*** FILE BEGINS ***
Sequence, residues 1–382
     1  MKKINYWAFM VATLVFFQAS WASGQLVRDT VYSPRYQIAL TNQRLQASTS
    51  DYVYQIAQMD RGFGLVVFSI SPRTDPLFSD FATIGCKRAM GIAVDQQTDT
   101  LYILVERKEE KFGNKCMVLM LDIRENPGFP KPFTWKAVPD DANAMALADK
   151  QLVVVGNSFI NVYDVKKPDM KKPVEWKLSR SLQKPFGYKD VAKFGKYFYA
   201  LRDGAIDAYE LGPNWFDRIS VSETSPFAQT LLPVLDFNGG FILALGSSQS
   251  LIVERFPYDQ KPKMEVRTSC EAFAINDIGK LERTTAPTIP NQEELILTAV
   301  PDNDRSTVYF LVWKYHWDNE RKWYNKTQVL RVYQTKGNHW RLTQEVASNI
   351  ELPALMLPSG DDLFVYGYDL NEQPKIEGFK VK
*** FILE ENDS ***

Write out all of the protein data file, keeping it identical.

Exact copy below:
Sequence, residues 1–382
     1  MKKINYWAFM VATLVFFQAS WASGQLVRDT VYSPRYQIAL TNQRLQASTS
    51  DYVYQIAQMD RGFGLVVFSI SPRTDPLFSD FATIGCKRAM GIAVDQQTDT
   101  LYILVERKEE KFGNKCMVLM LDIRENPGFP KPFTWKAVPD DANAMALADK
   151  QLVVVGNSFI NVYDVKKPDM KKPVEWKLSR SLQKPFGYKD VAKFGKYFYA
   201  LRDGAIDAYE LGPNWFDRIS VSETSPFAQT LLPVLDFNGG FILALGSSQS
   251  LIVERFPYDQ KPKMEVRTSC EAFAINDIGK LERTTAPTIP NQEELILTAV
   301  PDNDRSTVYF LVWKYHWDNE RKWYNKTQVL RVYQTKGNHW RLTQEVASNI
   351  ELPALMLPSG DDLFVYGYDL NEQPKIEGFK VK